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1.  Sequence Analysis of the Dimerization Initiation Site of Concordant and Discordant Viral Variants Superinfecting HIV Type 1 Patients 
AIDS Research and Human Retroviruses  2011;27(11):1231-1235.
For HIV recombination to occur, the RNAs from two infecting strains within a cell must dimerize at the dimerization initiation site (DIS). We examined the sequence identity at the DIS (697–731 bp, Hxb2 numbering engine) in patients superinfected with concordant HIV-1 strains and compared them to those with discordant strains. Viral RNA in sequential plasma from four subjects superinfected with subtype-discordant and two subjects superinfected with subtype-concordant HIV-1 strains was extracted, amplified (5′ LTR-early gag: 526–1200 bp, Hxb2 numbering engine), sequenced, and analyzed to determine their compatibility for dimerization in vivo. The concordant viruses infecting the two subjects exhibited identical sequences in the 35-bp-long DIS region while sequences from the discordant viruses revealed single nucleotide changes that were located in the DIS loop (715 bp), its flanking nucleotides (710 bp and 717 bp), and the DIS stem (719 bp). Evidence from in vitro experiments demonstrates that these in vivo changes identified can abolish dimerization and reduce recombination frequency. Therefore, these results revealing differences in the DIS of discordant strains versus the similarity noted for the concordant strains may contribute to the differences in the frequency of recombination in patients superinfected with such HIV-1 variants.
PMCID: PMC3206772  PMID: 21453132
2.  Retention in an antiretroviral therapy programme during an era of decreasing drug cost in Limbe, Cameroon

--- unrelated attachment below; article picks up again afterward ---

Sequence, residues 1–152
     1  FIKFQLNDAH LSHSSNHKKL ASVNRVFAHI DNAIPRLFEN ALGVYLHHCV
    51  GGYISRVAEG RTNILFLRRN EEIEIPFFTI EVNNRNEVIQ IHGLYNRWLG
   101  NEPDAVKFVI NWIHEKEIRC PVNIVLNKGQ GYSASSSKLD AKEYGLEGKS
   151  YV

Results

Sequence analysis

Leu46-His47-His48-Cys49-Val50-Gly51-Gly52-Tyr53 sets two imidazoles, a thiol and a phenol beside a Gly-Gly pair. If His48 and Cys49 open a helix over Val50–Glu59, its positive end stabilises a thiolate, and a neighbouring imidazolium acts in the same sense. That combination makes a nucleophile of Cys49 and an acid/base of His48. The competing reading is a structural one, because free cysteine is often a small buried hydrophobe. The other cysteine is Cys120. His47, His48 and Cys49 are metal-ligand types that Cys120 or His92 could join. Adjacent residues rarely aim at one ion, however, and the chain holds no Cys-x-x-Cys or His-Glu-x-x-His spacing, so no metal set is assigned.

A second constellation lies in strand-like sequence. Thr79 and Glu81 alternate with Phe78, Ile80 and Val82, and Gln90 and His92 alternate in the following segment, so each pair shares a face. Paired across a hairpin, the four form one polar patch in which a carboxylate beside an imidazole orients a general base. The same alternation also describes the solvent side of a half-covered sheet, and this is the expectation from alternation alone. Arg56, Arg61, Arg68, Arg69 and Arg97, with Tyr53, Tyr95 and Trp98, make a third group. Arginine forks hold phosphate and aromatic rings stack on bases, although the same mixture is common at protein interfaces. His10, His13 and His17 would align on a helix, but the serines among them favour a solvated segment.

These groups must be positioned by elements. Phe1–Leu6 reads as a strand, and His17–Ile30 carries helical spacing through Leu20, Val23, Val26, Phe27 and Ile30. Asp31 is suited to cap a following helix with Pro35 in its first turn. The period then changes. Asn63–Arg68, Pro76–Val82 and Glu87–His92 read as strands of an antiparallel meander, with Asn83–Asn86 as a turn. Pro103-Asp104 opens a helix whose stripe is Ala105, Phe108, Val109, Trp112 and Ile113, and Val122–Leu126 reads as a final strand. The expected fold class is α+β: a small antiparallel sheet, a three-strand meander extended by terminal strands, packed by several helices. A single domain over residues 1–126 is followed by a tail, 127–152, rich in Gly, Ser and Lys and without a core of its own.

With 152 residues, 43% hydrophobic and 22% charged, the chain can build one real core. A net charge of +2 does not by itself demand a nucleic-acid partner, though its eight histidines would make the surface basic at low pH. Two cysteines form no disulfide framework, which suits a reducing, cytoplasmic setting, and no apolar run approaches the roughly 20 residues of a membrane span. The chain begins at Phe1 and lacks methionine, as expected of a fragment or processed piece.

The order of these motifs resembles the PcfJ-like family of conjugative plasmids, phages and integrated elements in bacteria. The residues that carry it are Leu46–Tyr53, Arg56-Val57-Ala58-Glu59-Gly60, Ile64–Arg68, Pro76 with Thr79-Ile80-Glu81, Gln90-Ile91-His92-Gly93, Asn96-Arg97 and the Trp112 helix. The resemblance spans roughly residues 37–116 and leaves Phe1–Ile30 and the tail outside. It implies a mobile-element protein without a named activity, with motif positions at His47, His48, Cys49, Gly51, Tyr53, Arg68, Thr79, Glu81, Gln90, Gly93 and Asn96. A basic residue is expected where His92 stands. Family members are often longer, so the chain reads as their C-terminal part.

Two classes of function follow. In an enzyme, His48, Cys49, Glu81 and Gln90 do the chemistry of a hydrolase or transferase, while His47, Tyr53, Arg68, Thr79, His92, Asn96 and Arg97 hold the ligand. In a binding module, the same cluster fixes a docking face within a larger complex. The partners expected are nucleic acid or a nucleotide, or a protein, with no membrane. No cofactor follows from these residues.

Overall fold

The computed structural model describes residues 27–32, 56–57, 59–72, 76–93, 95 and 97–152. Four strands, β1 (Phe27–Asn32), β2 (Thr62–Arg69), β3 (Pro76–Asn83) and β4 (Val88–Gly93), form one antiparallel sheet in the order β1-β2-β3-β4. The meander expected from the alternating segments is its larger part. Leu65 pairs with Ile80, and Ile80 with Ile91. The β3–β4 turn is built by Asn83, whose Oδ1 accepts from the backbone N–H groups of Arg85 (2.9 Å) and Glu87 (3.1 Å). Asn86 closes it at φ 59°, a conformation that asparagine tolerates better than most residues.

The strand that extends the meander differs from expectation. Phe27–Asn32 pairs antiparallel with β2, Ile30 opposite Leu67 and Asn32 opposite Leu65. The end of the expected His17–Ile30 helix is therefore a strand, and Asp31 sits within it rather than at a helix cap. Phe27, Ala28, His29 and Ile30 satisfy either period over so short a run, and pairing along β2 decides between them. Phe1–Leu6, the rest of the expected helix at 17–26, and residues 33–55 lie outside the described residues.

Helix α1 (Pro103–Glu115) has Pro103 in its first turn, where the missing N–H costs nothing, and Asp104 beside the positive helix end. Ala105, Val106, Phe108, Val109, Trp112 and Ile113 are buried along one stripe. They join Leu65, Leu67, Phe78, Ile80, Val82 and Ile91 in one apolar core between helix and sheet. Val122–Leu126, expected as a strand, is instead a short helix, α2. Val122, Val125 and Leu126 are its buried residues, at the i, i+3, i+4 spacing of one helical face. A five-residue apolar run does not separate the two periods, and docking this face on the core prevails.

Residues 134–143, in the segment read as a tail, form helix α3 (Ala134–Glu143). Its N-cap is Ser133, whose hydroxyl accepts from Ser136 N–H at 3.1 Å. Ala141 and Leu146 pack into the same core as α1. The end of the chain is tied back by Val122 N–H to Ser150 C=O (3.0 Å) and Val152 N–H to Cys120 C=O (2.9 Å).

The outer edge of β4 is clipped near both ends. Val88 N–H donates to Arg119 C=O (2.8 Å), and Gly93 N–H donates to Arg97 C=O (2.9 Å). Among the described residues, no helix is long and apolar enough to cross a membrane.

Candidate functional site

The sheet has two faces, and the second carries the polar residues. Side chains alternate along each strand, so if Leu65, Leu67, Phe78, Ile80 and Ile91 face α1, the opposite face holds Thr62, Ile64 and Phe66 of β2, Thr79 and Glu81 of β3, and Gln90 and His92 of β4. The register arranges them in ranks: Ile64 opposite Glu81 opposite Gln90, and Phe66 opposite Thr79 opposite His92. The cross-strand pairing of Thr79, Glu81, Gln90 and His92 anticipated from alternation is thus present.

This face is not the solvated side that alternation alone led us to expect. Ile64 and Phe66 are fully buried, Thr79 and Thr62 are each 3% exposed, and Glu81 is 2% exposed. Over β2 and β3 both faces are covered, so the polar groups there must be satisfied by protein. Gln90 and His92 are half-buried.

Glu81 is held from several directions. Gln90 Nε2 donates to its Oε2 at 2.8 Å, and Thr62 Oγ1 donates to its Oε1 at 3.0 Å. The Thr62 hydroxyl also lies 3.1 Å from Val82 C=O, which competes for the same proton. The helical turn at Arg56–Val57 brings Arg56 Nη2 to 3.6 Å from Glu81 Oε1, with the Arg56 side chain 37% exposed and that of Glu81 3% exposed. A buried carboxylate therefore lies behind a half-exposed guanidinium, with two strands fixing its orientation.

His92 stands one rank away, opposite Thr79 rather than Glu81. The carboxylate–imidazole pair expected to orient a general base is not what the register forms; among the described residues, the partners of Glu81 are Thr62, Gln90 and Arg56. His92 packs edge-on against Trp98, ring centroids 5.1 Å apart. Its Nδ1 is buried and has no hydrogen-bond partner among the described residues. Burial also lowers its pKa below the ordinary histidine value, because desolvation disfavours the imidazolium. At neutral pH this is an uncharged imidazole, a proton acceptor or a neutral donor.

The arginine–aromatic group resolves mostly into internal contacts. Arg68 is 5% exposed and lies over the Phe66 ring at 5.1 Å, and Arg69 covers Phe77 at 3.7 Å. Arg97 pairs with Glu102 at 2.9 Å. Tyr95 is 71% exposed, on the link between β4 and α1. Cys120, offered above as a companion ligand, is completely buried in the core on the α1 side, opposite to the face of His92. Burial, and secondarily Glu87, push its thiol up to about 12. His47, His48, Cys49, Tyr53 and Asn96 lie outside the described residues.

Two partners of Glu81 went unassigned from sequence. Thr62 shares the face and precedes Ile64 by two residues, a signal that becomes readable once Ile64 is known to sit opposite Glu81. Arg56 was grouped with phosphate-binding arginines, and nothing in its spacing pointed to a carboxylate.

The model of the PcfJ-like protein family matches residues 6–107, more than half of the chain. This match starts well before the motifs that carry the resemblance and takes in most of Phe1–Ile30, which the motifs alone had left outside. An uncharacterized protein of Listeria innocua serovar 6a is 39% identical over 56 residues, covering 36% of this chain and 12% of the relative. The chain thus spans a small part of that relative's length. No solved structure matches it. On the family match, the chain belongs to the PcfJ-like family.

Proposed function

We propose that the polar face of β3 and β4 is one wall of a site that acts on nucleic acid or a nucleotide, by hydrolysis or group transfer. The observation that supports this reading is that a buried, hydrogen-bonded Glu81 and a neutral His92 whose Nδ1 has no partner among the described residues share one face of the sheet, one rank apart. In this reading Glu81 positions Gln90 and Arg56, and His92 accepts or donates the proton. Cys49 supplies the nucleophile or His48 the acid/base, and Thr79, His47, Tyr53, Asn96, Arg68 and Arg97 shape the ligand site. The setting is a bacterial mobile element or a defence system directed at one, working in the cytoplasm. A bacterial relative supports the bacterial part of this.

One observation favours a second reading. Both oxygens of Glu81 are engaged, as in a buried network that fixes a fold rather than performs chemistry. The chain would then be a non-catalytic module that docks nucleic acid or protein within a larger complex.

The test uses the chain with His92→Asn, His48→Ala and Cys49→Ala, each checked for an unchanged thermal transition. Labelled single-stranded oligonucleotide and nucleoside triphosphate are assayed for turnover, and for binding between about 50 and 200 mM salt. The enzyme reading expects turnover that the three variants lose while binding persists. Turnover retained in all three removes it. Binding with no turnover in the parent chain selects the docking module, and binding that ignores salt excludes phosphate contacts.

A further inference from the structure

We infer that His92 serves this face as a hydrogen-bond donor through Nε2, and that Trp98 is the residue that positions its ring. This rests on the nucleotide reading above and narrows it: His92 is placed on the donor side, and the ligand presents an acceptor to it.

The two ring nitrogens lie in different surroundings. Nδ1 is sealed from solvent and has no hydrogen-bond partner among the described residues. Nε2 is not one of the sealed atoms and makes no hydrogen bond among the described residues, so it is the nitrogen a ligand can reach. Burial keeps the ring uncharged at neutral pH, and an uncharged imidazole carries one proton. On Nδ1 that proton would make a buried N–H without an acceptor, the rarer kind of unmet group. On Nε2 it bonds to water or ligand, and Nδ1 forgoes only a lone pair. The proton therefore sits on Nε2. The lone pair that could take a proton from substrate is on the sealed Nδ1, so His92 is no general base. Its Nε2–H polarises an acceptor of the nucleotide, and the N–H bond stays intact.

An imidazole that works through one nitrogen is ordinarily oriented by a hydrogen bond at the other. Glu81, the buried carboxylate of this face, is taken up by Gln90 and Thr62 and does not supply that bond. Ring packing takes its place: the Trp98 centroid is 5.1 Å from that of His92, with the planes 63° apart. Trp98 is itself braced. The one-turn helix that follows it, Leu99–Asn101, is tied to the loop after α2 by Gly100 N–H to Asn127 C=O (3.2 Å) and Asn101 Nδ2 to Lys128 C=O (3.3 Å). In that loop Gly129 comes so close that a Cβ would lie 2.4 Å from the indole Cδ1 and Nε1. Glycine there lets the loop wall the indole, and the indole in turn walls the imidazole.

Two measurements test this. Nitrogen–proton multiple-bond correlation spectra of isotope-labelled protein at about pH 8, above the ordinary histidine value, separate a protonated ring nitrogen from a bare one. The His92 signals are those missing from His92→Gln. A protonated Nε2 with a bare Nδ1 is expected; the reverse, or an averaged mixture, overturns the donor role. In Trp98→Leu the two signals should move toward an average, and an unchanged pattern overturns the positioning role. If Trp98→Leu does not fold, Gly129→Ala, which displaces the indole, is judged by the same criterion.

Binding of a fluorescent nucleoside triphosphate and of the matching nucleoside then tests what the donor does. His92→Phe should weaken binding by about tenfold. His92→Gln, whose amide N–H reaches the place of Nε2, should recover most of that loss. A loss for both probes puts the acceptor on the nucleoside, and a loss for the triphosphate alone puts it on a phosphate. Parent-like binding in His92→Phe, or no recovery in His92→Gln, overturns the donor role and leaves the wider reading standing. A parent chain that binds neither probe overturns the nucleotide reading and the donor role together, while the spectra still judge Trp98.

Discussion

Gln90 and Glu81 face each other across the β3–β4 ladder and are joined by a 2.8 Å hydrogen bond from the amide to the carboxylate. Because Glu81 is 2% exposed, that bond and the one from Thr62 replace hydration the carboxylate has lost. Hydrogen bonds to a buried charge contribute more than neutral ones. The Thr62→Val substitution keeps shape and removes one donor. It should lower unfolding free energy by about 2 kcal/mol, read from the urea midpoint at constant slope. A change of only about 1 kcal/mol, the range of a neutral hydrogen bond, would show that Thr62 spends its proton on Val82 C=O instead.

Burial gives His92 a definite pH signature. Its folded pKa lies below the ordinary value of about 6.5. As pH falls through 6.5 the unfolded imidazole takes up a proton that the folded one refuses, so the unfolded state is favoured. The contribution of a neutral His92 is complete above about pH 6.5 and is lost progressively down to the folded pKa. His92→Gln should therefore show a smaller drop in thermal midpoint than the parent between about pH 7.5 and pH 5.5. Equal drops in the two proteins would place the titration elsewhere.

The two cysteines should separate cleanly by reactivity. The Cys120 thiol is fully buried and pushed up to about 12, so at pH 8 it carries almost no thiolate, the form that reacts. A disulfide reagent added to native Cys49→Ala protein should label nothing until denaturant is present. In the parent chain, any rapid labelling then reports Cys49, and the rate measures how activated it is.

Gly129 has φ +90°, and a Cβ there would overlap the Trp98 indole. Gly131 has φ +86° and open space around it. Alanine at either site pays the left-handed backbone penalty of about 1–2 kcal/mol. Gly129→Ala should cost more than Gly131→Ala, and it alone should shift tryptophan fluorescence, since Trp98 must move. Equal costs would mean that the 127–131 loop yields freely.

In 2002, Cameroon initiated scale up of antiretroviral therapy (ART); on 1 October 2004, a substantial reduction in ART cost occurred. We assessed the impact of this event and other factors on enrolment and retention in care among HIV-infected patients initiating ART from February 2002 to December 2005 at the single ART clinic serving the Southwest Region in Limbe, Cameroon.
We retrospectively analyzed clinical and pharmacy payment records of HIV-infected patients initiating ART according to national guidelines. We compared two cohorts of patients, enrolled before and after 1 October 2004, to determine if price reduction was associated with enhanced enrolment. We assessed factors associated with retention and survival by Cox proportional hazards models. Retention in care implied patients who had contact with the healthcare system as of 31 December 2005 (including those who were transferred to continue care in other ART centres), although these patients may have interrupted therapy at some time. A patient who was not retained in care may have dropped out (lost to follow up) or died.
Mean enrolment rates for 2920 patients who initiated ART before and after the price reduction were 46.5 and 95.5 persons/month, respectively (p < 0.001). The probabilities of remaining alive and in care were 0.66 (95% CI 0.64-0.68) at six months, 0.58 (95% CI 0.56-0.60) at one year, 0.47 (95% CI 0.45-0.49) at two years and 0.35 (95% CI 0.32-0.38) at three years; they were not significantly different between the two cohorts of patients enrolled before and after the price reduction over the first 15 months of comparable follow up (hazard ratio 1.1; 95% CI 0.9-1.2, p = 0.27). In multivariable analysis using multiple imputations to compensate for missing values, factors associated with dropping out of care or dying were male gender (HR 1.33 [1.18-1.50], p = 0.003), treatment paid by self, family or partly by other (HR 3.05 [1.99-4.67], p < 0.001), and, compared with residents of Limbe, living more than 150 km from Limbe (HR 1.41 [1.18-1.69], p < 0.001), or being residents of Douala (HR 1.51 [1.16-1.98], p < 0.001).
Reducing the cost of ART increased enrolment of clients in the programme, but did not change retention in care. In a system where most clients pay for ART, an accessible clinic location may be more important than the cost of medication for retention in care. Decentralizing ART clinics might improve retention and survival among patients on ART.
PMCID: PMC3143073  PMID: 21679416
3.  Longitudinal Quasispecies Analysis of Viral Variants in HIV Type 1 Dually Infected Individuals Highlights the Importance of Sequence Identity in Viral Recombination